Today we are presented with what is probably the most difficult commandment that Jesus gave: ‘Love your enemies and pray for those who persecute you.’  So far I have never met anyone who wants to do this!  Did Jesus really expect us to take that literally?  Maybe it was just a figurative way of speaking?  Jesus meant exactly what he said.  Remember his own words when he was dying on the cross, a death that was considered so brutal that the Emperor Constantine eventually had it banned:  ‘Father forgive them, for they don’t know what they are doing.’  The Lord does expect us to try and live this commandment, but how we are to do it is the key thing.  Essentially it comes down to God’s power and strength at work within us, but that will only happen if we remain close to God.  That is also why Jesus gave us the Eucharist, so that we can be intimately united to him every day if we wish.  That is where we get our strength from.  We continually read the Scriptures so that we are being formed in God’s way of thinking and not just a worldly way of thinking. 

Think of all the commercials, radio and TV programs, newspapers, that we read each day.  We spend a lot of time feeding our mind with the values and thinking of the world around us.  But the ways of God are not the ways of the world.  They are quite different.  Our culture tells us that we should sue people and seek revenge if we feel we have been slighted.  There are so many commercials on TV encouraging us to sue people.  That’s not what God tells us to do.  If we only love the people around us that we normally love, then how are we different from anyone else?  That’s exactly what Jesus puts to us in this Gospel.  We are called to be different by the way we live and think.  If we do try and live this way, then we stand out because we are different.  Then we are the salt of the earth and the yeast that makes the dough rise.  We are small but we can have a big difference on the world around us, just like those parents who publicly said they forgave the people who killed their children.  I am sure it was their faith that enabled them to do that, because that takes more than human strength.

This is why we have to keep going back to our relationship with God.  It is meant to be a real, living relationship, as real as any relationship with another person.  As that relationship with Jesus grows then and only then does it become possible to live this way, to see good in those around us, even those who hurt us.

I want to finish with a short part of a very famous speech given by Martin Luther King Jr which reflects this:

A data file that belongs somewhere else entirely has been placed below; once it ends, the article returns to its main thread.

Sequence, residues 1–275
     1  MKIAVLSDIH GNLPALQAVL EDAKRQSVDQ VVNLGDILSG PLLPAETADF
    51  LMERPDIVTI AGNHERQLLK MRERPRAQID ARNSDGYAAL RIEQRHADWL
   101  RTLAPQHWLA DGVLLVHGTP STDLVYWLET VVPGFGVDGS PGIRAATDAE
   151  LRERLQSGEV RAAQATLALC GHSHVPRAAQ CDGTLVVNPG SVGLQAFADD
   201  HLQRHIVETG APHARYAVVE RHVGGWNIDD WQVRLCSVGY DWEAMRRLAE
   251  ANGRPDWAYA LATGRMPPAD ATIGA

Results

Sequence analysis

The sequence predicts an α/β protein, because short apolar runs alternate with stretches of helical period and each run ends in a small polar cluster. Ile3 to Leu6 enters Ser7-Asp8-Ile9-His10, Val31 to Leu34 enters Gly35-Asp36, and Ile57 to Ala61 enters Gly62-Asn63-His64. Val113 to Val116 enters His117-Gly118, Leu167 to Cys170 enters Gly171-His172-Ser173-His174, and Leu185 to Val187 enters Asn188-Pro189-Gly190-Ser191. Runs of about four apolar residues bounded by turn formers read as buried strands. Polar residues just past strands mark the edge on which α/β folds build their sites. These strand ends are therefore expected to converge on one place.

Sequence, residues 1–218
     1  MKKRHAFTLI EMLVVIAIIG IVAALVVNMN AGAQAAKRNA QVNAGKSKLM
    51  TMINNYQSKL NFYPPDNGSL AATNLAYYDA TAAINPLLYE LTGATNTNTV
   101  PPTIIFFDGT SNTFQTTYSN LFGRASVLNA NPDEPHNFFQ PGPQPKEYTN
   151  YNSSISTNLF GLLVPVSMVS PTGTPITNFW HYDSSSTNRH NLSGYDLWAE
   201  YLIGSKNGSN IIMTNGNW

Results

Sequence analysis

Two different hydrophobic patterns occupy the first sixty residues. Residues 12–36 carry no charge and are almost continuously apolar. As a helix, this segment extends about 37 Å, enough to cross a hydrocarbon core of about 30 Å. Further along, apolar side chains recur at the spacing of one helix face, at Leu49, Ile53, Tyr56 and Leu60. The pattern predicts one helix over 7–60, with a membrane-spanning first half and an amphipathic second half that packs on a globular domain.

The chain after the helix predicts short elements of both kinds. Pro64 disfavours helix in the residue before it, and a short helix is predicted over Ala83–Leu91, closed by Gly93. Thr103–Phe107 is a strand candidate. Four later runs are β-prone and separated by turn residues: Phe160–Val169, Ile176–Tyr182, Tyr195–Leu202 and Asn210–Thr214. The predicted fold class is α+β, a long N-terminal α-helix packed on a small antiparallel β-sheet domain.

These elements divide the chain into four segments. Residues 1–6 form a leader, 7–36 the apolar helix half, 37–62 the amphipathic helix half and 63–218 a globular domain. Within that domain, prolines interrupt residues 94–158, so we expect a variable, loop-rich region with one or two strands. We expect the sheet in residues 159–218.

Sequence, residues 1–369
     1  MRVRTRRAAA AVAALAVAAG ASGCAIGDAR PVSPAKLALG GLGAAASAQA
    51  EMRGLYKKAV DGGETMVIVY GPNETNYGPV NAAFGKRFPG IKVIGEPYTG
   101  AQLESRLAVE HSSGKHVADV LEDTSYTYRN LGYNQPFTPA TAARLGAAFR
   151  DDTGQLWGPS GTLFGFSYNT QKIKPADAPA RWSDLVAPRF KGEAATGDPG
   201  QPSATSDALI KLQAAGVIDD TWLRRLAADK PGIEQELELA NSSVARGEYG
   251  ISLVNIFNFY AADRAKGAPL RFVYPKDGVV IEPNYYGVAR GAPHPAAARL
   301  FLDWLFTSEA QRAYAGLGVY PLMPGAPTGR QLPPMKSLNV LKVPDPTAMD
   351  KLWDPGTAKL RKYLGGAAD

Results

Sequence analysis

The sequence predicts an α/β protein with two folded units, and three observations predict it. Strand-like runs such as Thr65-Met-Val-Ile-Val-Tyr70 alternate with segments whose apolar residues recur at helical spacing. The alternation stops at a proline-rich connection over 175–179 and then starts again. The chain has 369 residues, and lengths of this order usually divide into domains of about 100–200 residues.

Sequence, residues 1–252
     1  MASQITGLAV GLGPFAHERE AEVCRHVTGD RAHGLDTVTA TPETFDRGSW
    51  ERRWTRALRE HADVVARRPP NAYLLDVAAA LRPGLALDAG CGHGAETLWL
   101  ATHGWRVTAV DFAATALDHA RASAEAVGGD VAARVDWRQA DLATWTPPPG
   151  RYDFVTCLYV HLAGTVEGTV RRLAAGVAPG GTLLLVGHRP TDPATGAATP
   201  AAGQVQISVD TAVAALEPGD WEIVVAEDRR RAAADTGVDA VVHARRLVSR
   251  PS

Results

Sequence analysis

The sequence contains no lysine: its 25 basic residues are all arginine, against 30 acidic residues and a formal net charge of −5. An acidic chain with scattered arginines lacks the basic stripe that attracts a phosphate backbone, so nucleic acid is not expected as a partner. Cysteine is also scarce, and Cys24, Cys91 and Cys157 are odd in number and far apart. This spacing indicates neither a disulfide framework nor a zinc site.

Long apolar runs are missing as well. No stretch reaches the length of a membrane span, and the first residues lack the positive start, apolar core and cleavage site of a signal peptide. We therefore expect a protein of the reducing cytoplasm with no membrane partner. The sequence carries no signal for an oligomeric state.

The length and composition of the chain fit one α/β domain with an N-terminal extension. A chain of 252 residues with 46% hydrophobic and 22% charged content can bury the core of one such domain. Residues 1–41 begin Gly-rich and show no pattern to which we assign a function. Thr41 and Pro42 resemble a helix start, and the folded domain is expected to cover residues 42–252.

To our bitterest opponents we say: We shall match your capacity to inflict suffering by our capacity to endure suffering.  We shall meet your physical force with soul force.  Do to us what you will, we shall continue to love you… Throw us in jail, we shall still love you.  Send your hooded perpetrators of violence into our community at the midnight hour and beat us and leave us half-dead and we shall still love you.  One day we will win freedom, but not only for ourselves.  We shall so appeal to your heart and conscience that we shall win you in the process. (Martin Luther King, Strength to Love)
‘Love your enemies.  Pray for those who persecute you.’

Friday, February 14, 2014

6th Sunday Year A (Mt 5:17-37) If your virtue goes no deeper than that of the Scribes and Pharisees, you will never enter the Kingdom of heaven

Recently several people asked me questions about sin, what it is and what is serious or mortal sin.  I have also heard many people say that they feel the teaching on sin has become too watered down.  Is that true?  Has the teaching on sin changed?  The answer is ‘no’.  Sin is still sin. However, our understanding of these things is all the time changing and hopefully maturing, especially as we get a deeper understanding of how complex we are as people.

Before he was made Pope, Cardinal Ratzinger said an interesting thing about mortal sin.  He said that probably not that many people commit mortal sin, because in order for it to be ‘mortal’—meaning it causes the death of the soul—three things are needed.  You must know that it is something very serious, you must deliberately want to do it and you must be completely free to do it.  It is not often that all those categories are met, especially the freedom.  All of us are driven by compulsions and are affected by the stresses and strains of what is going on around us and all of that affects our freedom.  Sin is always something for us to try and avoid of course, because it is what separates us from God and only in God will we find total fulfillment.  If sin didn’t matter Christ would not have had to die for us in order to break the power of sin, but it’s also important that we keep it in perspective or else we can feel overwhelmed by our own weakness and become disheartened.